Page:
This statement by Hale is directed towards Elizabeth Proctor who is John’s spouse. Hale is persistently trying to persuade Elizabeth to convince her husband that confessing to witchcraft is a better moral conclusion than telling the truth and being hanged. John does not want to sign his name to a lie in fear that God will damn him to hell, and if he chooses to save himself, innocent people will die. Hale becomes a favorable character in the play after he realizes that the trials are unjust and backed by no logic, only religious superstition. When Hale makes his remark, “Life is God’s most precious gift, no principle, however glorious, may justify the taking of it.”, he isn’t talking about murder, but rather John Proctor sparing his own life. Hale feels that John’s “confession” is more valuable than the unjust foundation of these trials.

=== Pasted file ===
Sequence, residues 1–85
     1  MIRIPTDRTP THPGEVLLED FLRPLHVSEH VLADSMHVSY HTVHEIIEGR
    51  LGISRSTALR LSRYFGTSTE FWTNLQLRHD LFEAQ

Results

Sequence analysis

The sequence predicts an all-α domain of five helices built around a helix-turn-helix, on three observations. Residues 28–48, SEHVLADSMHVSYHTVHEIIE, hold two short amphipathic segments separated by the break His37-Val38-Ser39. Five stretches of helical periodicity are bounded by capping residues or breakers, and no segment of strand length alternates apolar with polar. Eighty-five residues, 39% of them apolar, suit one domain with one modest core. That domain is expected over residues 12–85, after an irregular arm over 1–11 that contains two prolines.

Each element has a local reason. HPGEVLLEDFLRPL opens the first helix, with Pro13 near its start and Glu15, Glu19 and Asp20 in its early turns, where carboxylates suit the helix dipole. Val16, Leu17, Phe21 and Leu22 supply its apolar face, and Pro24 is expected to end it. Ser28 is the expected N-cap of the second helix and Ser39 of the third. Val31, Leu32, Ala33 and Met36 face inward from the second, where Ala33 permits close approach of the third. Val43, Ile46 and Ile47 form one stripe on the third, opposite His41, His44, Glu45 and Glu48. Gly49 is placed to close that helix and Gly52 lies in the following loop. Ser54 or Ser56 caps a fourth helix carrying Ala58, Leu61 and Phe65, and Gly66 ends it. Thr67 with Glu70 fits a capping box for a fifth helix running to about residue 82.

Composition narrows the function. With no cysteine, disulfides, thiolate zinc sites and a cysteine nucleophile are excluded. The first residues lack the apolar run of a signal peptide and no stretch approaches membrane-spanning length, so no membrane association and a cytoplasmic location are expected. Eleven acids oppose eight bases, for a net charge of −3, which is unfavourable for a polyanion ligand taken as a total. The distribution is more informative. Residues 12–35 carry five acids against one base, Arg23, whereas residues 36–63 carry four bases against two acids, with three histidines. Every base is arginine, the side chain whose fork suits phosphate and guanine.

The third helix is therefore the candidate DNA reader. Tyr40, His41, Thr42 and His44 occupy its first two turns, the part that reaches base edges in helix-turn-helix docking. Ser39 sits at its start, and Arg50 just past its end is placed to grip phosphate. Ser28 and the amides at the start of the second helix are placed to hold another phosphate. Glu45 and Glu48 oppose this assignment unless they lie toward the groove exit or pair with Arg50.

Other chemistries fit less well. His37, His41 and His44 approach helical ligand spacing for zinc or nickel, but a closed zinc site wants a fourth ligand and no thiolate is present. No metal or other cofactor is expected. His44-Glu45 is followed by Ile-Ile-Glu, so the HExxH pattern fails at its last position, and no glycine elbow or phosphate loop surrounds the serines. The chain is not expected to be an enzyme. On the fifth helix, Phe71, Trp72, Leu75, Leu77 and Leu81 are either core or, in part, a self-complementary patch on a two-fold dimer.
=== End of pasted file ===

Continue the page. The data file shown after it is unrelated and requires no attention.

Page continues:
The validity of this statement is debatable because in both decisions, death is still a punishment. Hale’s statement has an underlying sense of unintentional hypocrisy If John Proctor confesses, then he will save himself but others will perish under his lie. If John tells the truth to the judges then he himself will die under truth. Throughout the entire play thus far, religious superstition has overwritten the judicial system in Salem. Hale is also saying that John’s reputation is less important than his own life because obviously if John confesses, his name will quickly blacken in the town of Salem. Reverend Hale